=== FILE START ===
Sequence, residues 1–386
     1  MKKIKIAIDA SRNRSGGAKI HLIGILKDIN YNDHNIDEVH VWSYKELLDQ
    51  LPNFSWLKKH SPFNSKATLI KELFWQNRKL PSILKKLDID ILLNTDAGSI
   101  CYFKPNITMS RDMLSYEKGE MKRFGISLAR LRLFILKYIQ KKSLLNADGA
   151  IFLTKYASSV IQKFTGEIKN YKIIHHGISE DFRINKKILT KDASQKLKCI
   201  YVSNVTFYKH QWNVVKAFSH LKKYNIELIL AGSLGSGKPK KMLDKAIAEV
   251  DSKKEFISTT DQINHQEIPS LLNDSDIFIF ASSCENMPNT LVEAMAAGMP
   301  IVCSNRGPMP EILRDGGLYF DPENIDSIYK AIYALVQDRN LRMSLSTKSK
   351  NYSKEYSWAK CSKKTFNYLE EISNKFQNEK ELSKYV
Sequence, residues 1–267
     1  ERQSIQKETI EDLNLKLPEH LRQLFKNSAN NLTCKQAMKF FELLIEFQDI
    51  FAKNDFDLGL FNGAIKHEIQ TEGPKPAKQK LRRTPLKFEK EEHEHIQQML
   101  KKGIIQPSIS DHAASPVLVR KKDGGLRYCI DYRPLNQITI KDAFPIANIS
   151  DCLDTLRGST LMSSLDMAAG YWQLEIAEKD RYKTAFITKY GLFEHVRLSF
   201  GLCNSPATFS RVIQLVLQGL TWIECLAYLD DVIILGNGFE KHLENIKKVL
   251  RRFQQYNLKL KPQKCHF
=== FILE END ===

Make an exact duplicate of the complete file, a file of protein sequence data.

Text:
Sequence, residues 1–386
     1  MKKIKIAIDA SRNRSGGAKI HLIGILKDIN YNDHNIDEVH VWSYKELLDQ
    51  LPNFSWLKKH SPFNSKATLI KELFWQNRKL PSILKKLDID ILLNTDAGSI
   101  CYFKPNITMS RDMLSYEKGE MKRFGISLAR LRLFILKYIQ KKSLLNADGA
   151  IFLTKYASSV IQKFTGEIKN YKIIHHGISE DFRINKKILT KDASQKLKCI
   201  YVSNVTFYKH QWNVVKAFSH LKKYNIELIL AGSLGSGKPK KMLDKAIAEV
   251  DSKKEFISTT DQINHQEIPS LLNDSDIFIF ASSCENMPNT LVEAMAAGMP
   301  IVCSNRGPMP EILRDGGLYF DPENIDSIYK AIYALVQDRN LRMSLSTKSK
   351  NYSKEYSWAK CSKKTFNYLE EISNKFQNEK ELSKYV
Sequence, residues 1–267
     1  ERQSIQKETI EDLNLKLPEH LRQLFKNSAN NLTCKQAMKF FELLIEFQDI
    51  FAKNDFDLGL FNGAIKHEIQ TEGPKPAKQK LRRTPLKFEK EEHEHIQQML
   101  KKGIIQPSIS DHAASPVLVR KKDGGLRYCI DYRPLNQITI KDAFPIANIS
   151  DCLDTLRGST LMSSLDMAAG YWQLEIAEKD RYKTAFITKY GLFEHVRLSF
   201  GLCNSPATFS RVIQLVLQGL TWIECLAYLD DVIILGNGFE KHLENIKKVL
   251  RRFQQYNLKL KPQKCHF